WASHINGTON — Municipal bond issuance is expected to increase to $458.0 billion in 2013, a 9% jump from the $420.3 billion issued through mid-December of this year, according to the Securities Industry and Financial Markets Association's annual survey of dealer firms.
The 12 dealer firms that responded to the 2013 Municipal Bond Issuance Survey expect more issuance of both short- and long-term bonds. They predict $65.0 billion of short-term notes will be issued next year, up from $55.6 billion so far this year, and $393.0 billion of long-term notes, compared to $364.7 billion this year.
The survey projects long-term tax-exempt municipal issuance will increase to $345.0 billion in 2013, up 7.7% from $320.4 billion issued so far this year.
Despite predictions of growth, the report says dealers are concerned about budget negotiations in Washington. Issuance could be affected if Congress curtails the tax benefits of muni bond interest, an option proposed by President Obama.
The result could be higher yields and less ability of issuers to achieve debt-service savings through refunding, said Michael Decker, co-head of the municipal securities division at SIFMA. "If there is significant curtailment in the tax-exemption, I think you will see issuance lower than what we are projecting," he said.
The market also could be affected if the nation topples over the so-called fiscal cliff, which would lead to the expiration of Bush-era tax rate cuts and across-the-board federal spending cuts. As a result, rates could rise and municipal issuers could be downgraded. Dealers also expressed concern about underfunded pensions and possible reductions in federal funds transferred to state and local governments.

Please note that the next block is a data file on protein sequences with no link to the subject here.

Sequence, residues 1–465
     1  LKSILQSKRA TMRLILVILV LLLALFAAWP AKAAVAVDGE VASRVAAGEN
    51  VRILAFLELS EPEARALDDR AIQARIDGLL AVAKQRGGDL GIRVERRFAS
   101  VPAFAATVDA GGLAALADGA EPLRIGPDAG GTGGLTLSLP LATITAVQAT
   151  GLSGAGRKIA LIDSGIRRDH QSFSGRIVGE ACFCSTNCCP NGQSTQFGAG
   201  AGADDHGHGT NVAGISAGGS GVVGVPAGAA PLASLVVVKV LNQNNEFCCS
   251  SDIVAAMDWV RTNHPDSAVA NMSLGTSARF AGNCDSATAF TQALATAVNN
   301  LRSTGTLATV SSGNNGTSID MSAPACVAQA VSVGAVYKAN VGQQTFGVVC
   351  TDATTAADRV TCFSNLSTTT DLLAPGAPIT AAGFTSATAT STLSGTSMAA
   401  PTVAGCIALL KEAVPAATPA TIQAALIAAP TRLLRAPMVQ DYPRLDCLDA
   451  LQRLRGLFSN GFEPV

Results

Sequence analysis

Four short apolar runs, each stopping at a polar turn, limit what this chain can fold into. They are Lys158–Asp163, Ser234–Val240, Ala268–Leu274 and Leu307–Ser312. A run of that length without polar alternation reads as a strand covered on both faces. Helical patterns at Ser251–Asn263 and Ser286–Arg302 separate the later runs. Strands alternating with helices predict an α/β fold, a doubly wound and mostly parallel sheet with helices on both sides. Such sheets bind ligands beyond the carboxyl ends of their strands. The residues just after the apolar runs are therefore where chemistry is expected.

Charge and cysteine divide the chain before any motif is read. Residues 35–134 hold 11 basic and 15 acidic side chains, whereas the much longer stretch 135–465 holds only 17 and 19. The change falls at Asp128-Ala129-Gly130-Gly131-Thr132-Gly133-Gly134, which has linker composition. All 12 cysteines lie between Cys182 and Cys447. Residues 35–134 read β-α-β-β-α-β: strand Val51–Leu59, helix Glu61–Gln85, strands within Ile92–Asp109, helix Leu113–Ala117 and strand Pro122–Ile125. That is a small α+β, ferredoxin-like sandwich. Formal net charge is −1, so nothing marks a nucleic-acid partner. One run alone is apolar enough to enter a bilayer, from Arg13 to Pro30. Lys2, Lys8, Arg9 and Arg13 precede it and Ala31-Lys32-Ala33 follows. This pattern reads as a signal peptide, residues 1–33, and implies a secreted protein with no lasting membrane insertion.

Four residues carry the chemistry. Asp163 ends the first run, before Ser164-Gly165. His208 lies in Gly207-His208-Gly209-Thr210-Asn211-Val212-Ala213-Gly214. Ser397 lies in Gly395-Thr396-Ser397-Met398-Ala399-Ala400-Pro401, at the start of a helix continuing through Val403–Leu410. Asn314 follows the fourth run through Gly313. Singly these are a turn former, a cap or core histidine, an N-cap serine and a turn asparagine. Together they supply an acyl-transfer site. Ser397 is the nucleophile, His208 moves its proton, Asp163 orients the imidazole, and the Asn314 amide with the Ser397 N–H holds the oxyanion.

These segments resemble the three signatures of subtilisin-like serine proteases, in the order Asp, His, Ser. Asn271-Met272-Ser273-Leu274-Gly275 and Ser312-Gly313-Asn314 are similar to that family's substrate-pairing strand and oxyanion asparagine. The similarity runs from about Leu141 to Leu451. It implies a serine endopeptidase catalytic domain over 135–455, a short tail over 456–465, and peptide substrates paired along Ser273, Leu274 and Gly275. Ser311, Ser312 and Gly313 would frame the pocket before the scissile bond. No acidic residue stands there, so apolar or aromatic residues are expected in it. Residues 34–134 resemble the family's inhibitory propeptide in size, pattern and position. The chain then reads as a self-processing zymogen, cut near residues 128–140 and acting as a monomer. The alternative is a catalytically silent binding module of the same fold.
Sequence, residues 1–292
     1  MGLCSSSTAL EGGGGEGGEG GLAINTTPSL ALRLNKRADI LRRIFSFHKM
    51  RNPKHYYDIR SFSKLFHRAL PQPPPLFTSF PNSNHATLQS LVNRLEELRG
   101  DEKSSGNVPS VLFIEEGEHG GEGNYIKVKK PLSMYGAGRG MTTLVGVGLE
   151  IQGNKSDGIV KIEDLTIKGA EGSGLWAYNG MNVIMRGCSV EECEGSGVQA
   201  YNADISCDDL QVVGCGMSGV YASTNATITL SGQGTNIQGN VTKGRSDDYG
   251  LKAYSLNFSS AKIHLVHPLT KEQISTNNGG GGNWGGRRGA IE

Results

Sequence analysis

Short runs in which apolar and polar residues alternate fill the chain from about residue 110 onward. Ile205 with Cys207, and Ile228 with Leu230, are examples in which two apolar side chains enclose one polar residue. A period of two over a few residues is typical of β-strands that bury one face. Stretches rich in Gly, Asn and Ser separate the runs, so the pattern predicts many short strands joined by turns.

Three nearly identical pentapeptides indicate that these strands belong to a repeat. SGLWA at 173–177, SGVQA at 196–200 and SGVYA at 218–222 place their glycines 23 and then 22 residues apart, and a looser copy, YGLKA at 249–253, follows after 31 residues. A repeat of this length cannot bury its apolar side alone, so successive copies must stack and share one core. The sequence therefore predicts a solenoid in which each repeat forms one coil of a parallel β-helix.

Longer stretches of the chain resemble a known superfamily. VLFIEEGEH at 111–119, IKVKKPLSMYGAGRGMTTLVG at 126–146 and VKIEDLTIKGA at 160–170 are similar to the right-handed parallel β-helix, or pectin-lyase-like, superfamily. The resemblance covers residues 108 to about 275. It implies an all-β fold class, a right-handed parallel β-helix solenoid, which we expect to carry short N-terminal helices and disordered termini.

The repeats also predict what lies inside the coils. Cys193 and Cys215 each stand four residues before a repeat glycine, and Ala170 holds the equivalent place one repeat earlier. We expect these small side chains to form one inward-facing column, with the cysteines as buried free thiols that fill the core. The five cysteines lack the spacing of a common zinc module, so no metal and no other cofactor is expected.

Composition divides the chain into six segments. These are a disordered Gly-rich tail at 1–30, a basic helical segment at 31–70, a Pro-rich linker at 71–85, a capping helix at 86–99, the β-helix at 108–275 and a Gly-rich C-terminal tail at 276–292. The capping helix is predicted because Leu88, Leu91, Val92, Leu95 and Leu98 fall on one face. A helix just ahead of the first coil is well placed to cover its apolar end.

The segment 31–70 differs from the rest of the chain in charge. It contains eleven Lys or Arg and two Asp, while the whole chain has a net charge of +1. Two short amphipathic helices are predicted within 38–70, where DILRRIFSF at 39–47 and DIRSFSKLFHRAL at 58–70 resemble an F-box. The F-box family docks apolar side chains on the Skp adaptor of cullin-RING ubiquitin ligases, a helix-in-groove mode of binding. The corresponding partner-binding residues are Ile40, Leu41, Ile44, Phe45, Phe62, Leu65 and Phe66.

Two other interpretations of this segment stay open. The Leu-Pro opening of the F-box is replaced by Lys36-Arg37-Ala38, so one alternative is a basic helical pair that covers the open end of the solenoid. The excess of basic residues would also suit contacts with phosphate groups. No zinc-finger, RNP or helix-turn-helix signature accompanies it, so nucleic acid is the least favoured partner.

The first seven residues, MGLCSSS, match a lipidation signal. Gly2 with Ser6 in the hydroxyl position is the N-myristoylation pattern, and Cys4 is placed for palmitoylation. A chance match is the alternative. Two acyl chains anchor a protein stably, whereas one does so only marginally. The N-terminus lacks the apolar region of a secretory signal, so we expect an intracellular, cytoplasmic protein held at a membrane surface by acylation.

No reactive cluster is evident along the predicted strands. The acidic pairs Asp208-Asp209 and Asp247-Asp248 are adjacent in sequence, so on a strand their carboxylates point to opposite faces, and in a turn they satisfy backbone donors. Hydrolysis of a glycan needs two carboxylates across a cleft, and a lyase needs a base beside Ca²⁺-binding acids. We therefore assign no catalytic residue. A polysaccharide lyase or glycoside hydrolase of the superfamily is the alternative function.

Long-term taxable muni issuance will rise 11.4% to $35 billion and issuance of long-term bonds subject to the alternative minimum tax will edge up 0.7% to $13 billion next year, according to the survey.
Variable-rate demand obligation issuance is expected to hit $15 billion in 2013, up from this year's 20-year low of $11.9 billion. Direct-placements or bank loans are expected to account for $37.5 billion, or 9.5%, of long-term issuance next year.
The report says 75% of dealers think general purpose bonds will account for most issuance in 2013, while 16% expect transportation bonds will be the majority.
Respondents expect a median of 41 issuers will default next year for a par value of $2.7 billion. The report defines defaults missed interest or principal payments or a bankruptcy filing.
Decker said the expectation for increased issuance in 2013 is based largely on the expectation that interest rates will remain low and issuers will take advantage of low rates by refunding existing debt.
"[The report] indicates the market is operating efficiently and [that there are] opportunities for issuers to secure new money financing with the lowest muni rates in our lifetime, or generate significant debt-service savings through refunding transactions," Decker said.
The survey predicts that refundings will account for 43.5% of long-term tax-exempt issuance next year, a new high, compared to 41% in 2012.
Respondents expect the federal funds rate to remain unchanged in 2013 and that the yield on the two-year Treasury note will remain at .25% until the first quarter of next year and then gradually rise to .40% by the end of December.
They expect the ten-year Treasury note to climb gradually from a rate of 1.6% this year to 1.97% by the end of next year.
The yield ratio between 10-year, triple-A general obligation bonds and the 10-year Treasury benchmark is expected to rise from 95% this December to 97.5% the same time next year.